“When other friendships have been forgot, ours will still be hot” ~ Anything Goes

Or, as defined by my dictionary

Friendship (n): the state of being a friend; association as friends

In vino veritas. It means ‘in wine there is truth‘ and I’ve been pondering this recently after making a comment about a friendship after not really that much wine at all.

I’m not going to repeat what I said. For the purposes of this blog it isn’t relevant but the point that struck me is and it is this: what friendships matter, what do I put into them, what do I get out of them, and is it/are they worth it?

There are, of course, many different types of friendship, just as there are many different types of love. You can go through life with a whole host of casual acquaintances, the type of person you nod hello to in a shared office space or when out walking the dog. The exchanges may never become more than that but those friendly faces can help us through our days.

Some perhaps do progress beyond that. You walk your dogs together, you go for a drink after work. Somewhere there is a shift and this person becomes beyond an acquaintance. Not a friend you’d invite to your wedding, perhaps, but certainly someone who has become to matter. And, unless you are only friends with people you know from school and or/university, that is how a lot of friendships developed. It’s a natural and understandable progression, how else do you meet people? Oh yes, the internet. More specifically, social media. This piece in the Guardian sums up the nature of online friendships quite succinctly.

Here it is possible and generally likely to make a further whole host of casual acquaintances; the exchanges about 6Music and bacon become the online version of the nods exchanged whilst walking the dog. They are no less valid by the virtue of being online. In fact it could be argued that they are of more value, spending increasing amounts of time online means we need our friendly faces there too.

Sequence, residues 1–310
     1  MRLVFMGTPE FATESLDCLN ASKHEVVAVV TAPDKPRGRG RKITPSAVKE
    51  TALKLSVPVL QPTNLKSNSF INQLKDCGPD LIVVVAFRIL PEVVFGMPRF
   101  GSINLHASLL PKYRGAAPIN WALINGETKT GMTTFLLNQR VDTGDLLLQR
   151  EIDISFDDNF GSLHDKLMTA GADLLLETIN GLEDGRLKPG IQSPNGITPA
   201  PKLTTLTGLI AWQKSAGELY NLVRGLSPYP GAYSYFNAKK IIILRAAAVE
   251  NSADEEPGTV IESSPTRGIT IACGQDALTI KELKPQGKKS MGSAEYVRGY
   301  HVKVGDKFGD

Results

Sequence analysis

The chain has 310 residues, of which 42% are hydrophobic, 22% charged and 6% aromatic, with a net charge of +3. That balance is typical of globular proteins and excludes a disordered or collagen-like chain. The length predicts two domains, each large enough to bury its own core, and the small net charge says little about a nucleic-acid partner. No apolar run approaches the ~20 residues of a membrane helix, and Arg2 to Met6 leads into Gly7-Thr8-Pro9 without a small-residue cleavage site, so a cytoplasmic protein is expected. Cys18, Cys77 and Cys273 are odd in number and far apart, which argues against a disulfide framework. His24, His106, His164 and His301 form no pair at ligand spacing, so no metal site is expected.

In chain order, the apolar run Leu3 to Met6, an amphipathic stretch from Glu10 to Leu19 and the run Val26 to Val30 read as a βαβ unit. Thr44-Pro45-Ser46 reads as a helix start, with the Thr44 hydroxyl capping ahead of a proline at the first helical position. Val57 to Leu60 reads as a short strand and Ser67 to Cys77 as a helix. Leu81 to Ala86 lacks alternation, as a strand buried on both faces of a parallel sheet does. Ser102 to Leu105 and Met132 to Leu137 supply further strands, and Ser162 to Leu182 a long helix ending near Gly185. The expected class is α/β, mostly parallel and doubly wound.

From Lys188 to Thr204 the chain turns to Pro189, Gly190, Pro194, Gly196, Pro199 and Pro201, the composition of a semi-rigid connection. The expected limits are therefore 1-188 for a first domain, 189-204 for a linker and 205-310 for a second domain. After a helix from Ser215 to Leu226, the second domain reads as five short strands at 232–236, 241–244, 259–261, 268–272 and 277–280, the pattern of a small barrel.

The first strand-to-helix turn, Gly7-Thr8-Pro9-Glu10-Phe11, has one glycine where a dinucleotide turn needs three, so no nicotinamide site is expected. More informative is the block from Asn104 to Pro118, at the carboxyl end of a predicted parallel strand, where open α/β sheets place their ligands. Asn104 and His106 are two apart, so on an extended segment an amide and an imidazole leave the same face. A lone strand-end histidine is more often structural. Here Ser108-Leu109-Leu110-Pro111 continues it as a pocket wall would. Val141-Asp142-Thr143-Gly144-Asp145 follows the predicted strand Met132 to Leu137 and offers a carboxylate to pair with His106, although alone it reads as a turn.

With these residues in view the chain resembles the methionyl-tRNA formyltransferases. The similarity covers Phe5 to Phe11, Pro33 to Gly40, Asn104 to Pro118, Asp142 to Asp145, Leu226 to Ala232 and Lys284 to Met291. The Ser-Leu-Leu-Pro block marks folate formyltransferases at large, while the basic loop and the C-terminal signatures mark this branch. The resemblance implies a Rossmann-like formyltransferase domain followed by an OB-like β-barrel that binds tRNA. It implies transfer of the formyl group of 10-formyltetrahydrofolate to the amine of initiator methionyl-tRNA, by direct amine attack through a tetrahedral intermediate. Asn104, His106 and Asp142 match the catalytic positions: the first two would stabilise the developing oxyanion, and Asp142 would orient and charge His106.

And it is also possible to make friends online, proper true friends; the kind that would hold your hand through tragedy and dance with you in your triumphs. And we all need friends like that. What price a whole host of casual acquaintances if there isn’t someone you wholeheartedly could rely on if your world falls apart at 3am?

Which takes me back to in vino veritas. I can think of several people who could call me at 3am and I would be there for them. But there are only two or three that I would call in return. (One of those died last year but that’s an entirely different blog about friendship). This isn’t an idictment on my friends, some of whom may absolutely know they would be there for me at 3am, irrespective of whether I may think I would call them or not. It’s about the curious quirks of thought within me as to what the differing natures of friendships are and and the ways in which they matter.

And they do all matter; I want my conversations about bacon and I want my hand holding. We all need both. But sometimes it’s important to not confuse the two

Interested in your thoughts, as always, so why not drop me a line on a comment box-shaped postcard.


2 thoughts on “Friendship?

  1. I’ve also been thinking a lot about friendships lately. This year I decided to let go of certain people who were toxic. I’m someone who easily calls someone a friend. I give my all in a friendship, just like in love, I don’t hold back. But when I’m done, I’m done.
    I guess just like you, there are only a few people who actually have my back.
    There’s someone I met last year. Who treated me pretty bad. Yet I still call him a friend. I’ve not yet figured out why I stuck around.

  2. Whatever you decide to do, don’t stick around because you think that is all you are worth.
    Try putting that friendship energy into yourself or others around you and see what happens. I bet there are more people who have your back than you think.

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